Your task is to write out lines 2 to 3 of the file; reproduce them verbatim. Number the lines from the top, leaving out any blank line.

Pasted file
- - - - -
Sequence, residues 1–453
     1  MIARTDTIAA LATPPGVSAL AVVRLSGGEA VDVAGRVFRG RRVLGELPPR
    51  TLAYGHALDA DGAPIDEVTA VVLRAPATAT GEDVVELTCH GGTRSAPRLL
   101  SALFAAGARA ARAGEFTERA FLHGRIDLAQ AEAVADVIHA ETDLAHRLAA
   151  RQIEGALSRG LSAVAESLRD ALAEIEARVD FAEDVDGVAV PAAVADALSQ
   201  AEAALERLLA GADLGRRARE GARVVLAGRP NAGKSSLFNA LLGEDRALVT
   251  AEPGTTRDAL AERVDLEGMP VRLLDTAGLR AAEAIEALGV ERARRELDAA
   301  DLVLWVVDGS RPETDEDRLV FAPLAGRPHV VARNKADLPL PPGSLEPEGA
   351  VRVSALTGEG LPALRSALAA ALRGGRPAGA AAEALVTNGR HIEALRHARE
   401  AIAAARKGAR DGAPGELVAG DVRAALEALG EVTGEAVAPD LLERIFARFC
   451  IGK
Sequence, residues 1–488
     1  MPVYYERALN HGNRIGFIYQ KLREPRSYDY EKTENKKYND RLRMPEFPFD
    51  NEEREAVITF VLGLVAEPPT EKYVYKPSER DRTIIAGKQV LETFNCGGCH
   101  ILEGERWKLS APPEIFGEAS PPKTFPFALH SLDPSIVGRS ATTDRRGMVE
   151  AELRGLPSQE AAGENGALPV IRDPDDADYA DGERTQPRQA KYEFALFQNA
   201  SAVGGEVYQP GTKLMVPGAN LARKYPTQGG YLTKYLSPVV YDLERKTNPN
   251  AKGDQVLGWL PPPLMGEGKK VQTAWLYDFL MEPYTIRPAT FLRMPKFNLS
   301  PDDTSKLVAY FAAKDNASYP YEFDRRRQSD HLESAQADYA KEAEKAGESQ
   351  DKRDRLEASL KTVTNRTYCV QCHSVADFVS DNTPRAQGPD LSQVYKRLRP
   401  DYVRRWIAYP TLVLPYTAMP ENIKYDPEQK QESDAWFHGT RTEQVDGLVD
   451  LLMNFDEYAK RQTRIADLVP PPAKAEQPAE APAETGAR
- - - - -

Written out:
     1  MIARTDTIAA LATPPGVSAL AVVRLSGGEA VDVAGRVFRG RRVLGELPPR
    51  TLAYGHALDA DGAPIDEVTA VVLRAPATAT GEDVVELTCH GGTRSAPRLL